Report indirectly links al-Qaida operative to Aspen-area estate once owned by Prince Bandar
July 15, 2016
A phone number belonging to an al-Qaida senior operative has been indirectly linked to the corporation that once managed the Aspen-area estate of Prince Bandar bin Sultan, according to a Sept. 11 investigatory document that was declassified by Congress on Friday.
The New York Times first reported the release of the 28-page document examining the possible relationship between Saudi Arabian officials and al-Qaida.
The document, which had been kept under wraps for nearly 14 years, says that authorities traced a phone number in a book on Abu Zubaydah, an al-Qaida operative, to one of the corporate entities under which Bandar's Starwood estate was owned. The CIA arrested Zubaydah in Pakistan in March 2002. A citizen of Saudi Arabia, he has been held in Guantanamo Bay, Cuba, since September 2006.
"According to FBI documents, several of the phone numbers found in the phone book of Abu Zubaydah, a senior al-Qaida operative captured in March 2002, could be linked, at least indirectly, to telephone numbers in the United States," the document says. "One of those U.S. numbers is subscribed to by the ASPCOL Corporation, which is located in Aspen, Colorado, and manages the affairs of the Colorado residence of the Saudi Ambassador Bandar. The FBI noted that ASPCOL has an unlisted phone number."
The December 2002 report also acknowledged that the FBI found there were "no direct links between numbers found in Zubaydah's phone book and numbers in the United States."
Even so, Congress' release of the report has again stirred theories that the 9/11 terrorists were in some way financially linked to Saudi government officials. Fifteen of the 19 hijackers on Sept. 11 were from Saudi Arabia.
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Bandar was Saudi Arabia's ambassador to the U.S. from 1983 to 2005. The current ambassador said the report confirms that the Saudi the government and officials weren't connected to the terror attacks.
"Since 2002, the 9/11 Commission and several government agencies, including the CIA and the FBI, have investigated the contents of the '28 Pages' and have confirmed that neither the Saudi government, nor senior Saudi officials, nor any person acting on behalf of the Saudi government provided any support or encouragement for these attacks," Abdullah Al-Saud said in a statement Friday.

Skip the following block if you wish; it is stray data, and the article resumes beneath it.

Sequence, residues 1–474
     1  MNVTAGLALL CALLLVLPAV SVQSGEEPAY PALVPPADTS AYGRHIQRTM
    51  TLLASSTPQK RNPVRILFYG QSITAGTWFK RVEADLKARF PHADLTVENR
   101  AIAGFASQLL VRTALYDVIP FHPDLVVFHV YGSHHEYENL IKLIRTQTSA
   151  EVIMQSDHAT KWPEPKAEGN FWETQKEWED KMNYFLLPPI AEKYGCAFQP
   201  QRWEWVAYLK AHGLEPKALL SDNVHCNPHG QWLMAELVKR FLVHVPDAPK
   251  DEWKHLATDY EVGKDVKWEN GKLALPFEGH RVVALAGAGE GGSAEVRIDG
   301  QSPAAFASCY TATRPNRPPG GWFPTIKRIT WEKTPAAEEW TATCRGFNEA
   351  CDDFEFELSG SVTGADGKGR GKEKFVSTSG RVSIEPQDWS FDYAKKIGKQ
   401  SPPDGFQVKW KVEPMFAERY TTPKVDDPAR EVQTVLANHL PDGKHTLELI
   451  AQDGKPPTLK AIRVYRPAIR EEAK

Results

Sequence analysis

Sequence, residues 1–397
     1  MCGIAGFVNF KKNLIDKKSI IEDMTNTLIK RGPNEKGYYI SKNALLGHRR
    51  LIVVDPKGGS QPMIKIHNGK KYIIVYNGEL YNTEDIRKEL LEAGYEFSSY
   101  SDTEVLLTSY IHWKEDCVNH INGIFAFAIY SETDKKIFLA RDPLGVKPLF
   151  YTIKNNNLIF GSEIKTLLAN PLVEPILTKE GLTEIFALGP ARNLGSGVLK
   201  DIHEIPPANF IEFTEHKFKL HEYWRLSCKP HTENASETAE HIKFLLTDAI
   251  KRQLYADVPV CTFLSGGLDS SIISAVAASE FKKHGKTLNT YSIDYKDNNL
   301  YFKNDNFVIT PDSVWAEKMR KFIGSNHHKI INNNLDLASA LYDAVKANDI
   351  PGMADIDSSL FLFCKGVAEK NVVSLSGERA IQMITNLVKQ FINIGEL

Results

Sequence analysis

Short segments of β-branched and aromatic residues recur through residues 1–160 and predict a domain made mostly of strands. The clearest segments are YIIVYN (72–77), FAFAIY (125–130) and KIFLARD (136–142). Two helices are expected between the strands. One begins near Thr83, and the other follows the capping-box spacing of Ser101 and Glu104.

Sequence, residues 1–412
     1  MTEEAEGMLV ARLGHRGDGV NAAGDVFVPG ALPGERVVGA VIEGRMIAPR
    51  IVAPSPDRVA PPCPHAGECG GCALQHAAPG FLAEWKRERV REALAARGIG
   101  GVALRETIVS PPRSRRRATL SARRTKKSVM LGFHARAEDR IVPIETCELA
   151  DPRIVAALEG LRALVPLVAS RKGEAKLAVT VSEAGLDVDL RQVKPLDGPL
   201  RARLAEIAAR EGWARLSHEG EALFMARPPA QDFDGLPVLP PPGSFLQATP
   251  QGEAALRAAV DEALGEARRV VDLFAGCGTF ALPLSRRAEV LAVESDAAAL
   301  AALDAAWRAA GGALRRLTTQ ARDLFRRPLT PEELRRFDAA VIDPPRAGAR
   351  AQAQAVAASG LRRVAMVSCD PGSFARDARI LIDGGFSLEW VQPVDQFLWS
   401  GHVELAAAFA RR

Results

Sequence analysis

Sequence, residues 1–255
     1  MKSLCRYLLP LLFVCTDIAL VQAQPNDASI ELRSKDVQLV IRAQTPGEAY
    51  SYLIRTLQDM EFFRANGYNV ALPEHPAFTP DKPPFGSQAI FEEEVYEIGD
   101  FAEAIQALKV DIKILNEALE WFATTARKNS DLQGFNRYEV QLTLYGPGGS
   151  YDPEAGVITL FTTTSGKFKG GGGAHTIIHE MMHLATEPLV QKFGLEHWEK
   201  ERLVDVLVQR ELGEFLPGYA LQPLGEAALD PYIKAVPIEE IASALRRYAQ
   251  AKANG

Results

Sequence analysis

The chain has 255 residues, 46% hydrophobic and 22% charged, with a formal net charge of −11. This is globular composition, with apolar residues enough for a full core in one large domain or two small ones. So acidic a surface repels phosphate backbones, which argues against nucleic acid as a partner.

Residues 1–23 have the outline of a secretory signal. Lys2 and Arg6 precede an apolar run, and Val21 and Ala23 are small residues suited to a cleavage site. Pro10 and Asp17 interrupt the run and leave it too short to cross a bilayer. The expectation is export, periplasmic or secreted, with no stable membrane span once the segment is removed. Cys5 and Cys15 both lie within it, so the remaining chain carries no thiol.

White House spokesman Josh Earnest, quoted by multiple media outlets, also said the report "does not change the assessment of the U.S. government that there's no evidence that the Saudi government as an institution or senior Saudi officials individually funded al-Qaida."
Aspen attorney William Jordan III, who represented Bandar with his local affairs, could not be reached Friday.
There is no record of FBI work with the Pitkin County Sheriff's Office concerning Bandar's Hala Ranch estate, Undersheriff Ron Ryan said.
Bandar had owned a multi-residence property in the gated neighborhood of Starwood since 1992, but began to market his property for sale in the mid- to late 2000s.
In 2007, he sold his 14,395-square-foot Starwood home for $36.5 million to Las Vegas and Florida real estate developer Jeffrey Soffer.
In 2012, he sold his Hala Ranch for $49 million to hedge-fund billionaire John Paulson. The sale included the 90-acre main ranch as well as Bear Ranch, which spans 38 acres. The 15-bedroom, 16-bath, 55,965-square-foot home at Hala Ranch originally had been listed for $135 million in 2006.
In August, Bandar sold a 5,200-square-foot residence, which had housed an engineer for the prince's Starwood properties, for $5.87 million to an Australia-based trust.
Bandar was known locally as a philanthropist and big tipper, but also coveted his privacy. All of his ranch employees were required to sign confidentiality agreements.